All this changed in and after 1322, when Margaret's husband Hugh Audley joined the Contrariant rebellion and fought against the royal army at Boroughbridge in March 1322.  Margaret still retained enough influence over her uncle to be able to plead successfully for Hugh's life to be spared, but Edward ordered her to remove herself to Sempringham Priory in Lincolnshire soon afterwards: she arrived there on 16 May 1322.  He allowed her three servants and a generous enough five shillings a day for her expenses, but told her she was "not to go without the gates of the house."  And there, as far as I know, Margaret remained until her uncle's downfall four and a half years later, while her elder sister Eleanor rose ever higher in the king's favour.  Edward II clearly was furious at what he saw as Hugh Audley's betrayal, and some of this rage spilled out onto Margaret, whether reasonably or not (possibly this was just Edward being vindictive as he often was towards family members of people he didn't like, or possibly he had good reason to suspect that Margaret had played an active role in her husband's rebellion).  And thus the relationship between uncle and niece ended abruptly.

Elizabeth de Clare, Lady de Burgh (1295-1360)

Third daughter of Joan of Acre and Gilbert the Red.  I get the strong feeling that Edward II wasn't fond of Elizabeth at all, though I have no idea why.  He attended her wedding to the earl of Ulster's son and heir John de Burgh in September 1308 - her brother Gilbert married John's sister Maud at the same time - but other than that, I can't think of any occasions when he showed her favour, or support, or kindness.  He ordered her back from Ireland in late 1315, most probably with the intention of bringing her into his household and keeping an eye on her as he did with her elder sister Margaret, but Theobald de Verdon married her without royal permission in Bristol shortly after her return.  To what extent Elizabeth was complicit in this marriage or an innocent victim of abduction is unclear, but it is likely that the event destroyed any trust or affection Edward may ever have had for Elizabeth.  When she was widowed from Verdon after less than six months of marriage, Edward became determined to marry her off to his latest favourite Sir Roger Damory, and wrote to her to this end, describing her as his 'favourite niece', which is simply a bare-faced lie.  The utter brazenness of the lie, told in a transparent attempt to get Elizabeth to do his bidding, just makes me laugh.  Some months later when Elizabeth was heavily pregnant with Verdon's posthumous daughter, Edward tramped over to Amesbury Priory with Roger Damory, in order to persuade her to marry Damory.  Vulnerable, pregnant, widowed for the second time, still only twenty-one, her parents long dead, her only 'protector' the uncle determined to marry her off to a man far beneath her in status, Elizabeth had little choice but to agree.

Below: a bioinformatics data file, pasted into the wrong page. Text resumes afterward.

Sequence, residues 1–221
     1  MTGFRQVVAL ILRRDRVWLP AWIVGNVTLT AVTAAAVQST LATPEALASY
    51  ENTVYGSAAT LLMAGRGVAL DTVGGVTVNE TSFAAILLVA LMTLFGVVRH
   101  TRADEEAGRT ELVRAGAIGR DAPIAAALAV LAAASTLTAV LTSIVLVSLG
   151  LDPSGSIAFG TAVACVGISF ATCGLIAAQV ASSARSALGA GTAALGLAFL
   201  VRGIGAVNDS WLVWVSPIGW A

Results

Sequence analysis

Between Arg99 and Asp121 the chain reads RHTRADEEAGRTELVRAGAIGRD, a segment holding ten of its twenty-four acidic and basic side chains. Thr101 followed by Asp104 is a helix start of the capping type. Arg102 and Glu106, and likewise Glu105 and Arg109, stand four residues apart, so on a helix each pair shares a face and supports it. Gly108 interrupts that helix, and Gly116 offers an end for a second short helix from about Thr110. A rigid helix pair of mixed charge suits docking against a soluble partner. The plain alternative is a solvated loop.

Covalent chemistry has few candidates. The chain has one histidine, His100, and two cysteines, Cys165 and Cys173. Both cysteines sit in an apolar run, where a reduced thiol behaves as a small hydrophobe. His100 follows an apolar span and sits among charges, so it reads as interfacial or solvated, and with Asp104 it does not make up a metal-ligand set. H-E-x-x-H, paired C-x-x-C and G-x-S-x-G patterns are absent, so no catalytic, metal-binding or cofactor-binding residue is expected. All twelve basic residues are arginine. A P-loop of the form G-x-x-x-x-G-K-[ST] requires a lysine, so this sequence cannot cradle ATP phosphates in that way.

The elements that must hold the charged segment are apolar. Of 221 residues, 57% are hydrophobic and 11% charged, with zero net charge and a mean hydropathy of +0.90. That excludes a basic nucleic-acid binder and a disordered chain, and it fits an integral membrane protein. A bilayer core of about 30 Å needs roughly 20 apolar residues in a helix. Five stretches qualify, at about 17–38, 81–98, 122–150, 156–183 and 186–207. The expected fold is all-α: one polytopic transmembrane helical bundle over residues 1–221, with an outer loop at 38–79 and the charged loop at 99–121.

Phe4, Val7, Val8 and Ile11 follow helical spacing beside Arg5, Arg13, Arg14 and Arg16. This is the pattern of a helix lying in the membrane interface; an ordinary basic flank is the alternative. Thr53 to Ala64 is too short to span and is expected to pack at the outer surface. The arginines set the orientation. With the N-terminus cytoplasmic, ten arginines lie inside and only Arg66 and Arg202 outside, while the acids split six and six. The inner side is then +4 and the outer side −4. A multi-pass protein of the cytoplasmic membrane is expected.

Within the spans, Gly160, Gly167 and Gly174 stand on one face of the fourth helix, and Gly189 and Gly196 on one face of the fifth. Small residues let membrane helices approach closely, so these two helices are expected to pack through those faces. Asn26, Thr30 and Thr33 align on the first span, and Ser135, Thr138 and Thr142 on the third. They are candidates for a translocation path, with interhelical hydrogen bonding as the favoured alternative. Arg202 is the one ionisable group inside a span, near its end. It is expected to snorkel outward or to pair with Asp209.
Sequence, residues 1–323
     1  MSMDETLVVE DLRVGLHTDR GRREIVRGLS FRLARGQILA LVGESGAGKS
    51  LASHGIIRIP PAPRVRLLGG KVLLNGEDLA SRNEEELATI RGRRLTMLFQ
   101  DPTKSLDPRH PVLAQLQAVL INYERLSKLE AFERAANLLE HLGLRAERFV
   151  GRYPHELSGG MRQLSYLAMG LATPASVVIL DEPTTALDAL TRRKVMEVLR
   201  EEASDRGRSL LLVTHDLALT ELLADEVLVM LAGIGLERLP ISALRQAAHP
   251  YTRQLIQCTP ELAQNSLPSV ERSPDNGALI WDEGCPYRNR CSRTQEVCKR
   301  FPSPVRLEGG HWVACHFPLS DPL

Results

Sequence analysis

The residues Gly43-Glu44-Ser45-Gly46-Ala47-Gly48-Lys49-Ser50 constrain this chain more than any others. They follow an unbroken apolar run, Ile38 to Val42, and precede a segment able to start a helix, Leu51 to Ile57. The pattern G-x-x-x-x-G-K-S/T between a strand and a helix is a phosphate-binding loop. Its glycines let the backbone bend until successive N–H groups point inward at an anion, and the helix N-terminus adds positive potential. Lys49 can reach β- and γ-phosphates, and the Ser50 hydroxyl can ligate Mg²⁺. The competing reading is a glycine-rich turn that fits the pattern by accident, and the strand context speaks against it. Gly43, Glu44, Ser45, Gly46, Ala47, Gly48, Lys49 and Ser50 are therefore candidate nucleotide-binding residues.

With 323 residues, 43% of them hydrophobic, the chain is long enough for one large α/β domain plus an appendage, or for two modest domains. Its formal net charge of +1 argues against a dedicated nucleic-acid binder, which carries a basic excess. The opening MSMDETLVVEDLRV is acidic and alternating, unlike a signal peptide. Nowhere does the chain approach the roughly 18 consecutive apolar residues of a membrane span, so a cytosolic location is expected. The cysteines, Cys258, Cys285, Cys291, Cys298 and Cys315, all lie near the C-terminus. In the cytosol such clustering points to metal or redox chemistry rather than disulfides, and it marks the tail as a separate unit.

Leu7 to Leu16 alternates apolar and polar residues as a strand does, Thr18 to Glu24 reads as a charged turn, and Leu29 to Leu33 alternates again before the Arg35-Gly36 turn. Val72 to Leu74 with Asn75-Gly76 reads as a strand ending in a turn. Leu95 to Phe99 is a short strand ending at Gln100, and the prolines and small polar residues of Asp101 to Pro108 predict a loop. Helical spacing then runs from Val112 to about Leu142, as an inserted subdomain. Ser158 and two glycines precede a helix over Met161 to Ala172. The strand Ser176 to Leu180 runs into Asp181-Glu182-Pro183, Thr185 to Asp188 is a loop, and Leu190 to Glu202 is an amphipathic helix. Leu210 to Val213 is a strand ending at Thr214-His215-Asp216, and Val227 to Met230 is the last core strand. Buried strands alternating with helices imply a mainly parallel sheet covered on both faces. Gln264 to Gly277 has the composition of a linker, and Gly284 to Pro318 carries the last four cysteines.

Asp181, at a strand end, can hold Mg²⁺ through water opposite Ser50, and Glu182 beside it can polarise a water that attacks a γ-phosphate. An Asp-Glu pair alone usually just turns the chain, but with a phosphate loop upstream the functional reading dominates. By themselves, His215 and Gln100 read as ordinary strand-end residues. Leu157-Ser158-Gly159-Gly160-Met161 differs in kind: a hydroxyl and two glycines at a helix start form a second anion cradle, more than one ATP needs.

Roger Damory also joined the Contrariant rebellion some years later, and died at Burton-on-Trent on 12 March 1322.  Even before his death, Elizabeth was captured at Usk in Wales and sent to the abbey of Barking with her young children, where she learned of her husband's death.  On 16 March 1322, Edward told Elizabeth (as he told her sister Margaret two months later) not to go out of the gates of the abbey, and she remained there during the summer of 1322; Edward paid seventy-four pounds for her expenses.  He restored her Welsh lands to her on 25 July 1322 and the English and Irish ones on 2 November, and, unlike her sister Margaret, released her.  Worse was to come, however.  Elizabeth herself related in 1326 how she was ordered to spend Christmas 1322 with her uncle, but when she arrived, she was separated from her council, forced to exchange her valuable Welsh lands for some of her brother-in-law Hugh Despenser's lands there of lesser value, and threatened by the king that she would hold no lands of him unless she consented.  Such appalling behaviour towards his own niece shows Edward II in the worst light possible.  It is hardly surprising that after the arrival of the invasion force of Queen Isabella and Roger Mortimer in September 1326, Elizabeth kept in close contact with Isabella via letters and probably had prior knowledge of the invasion, though she was also clever and cautious enough to correspond with her uncle the king as well.  Like her sister Margaret, for whom Edward II's downfall meant freedom and the resumption of her marriage, Elizabeth can hardly have been anything but pleased at the events of late 1326 and early 1327.  She attended Edward's funeral in December 1327; I don't know if her sister Margaret did, and their other sister Eleanor was then still imprisoned.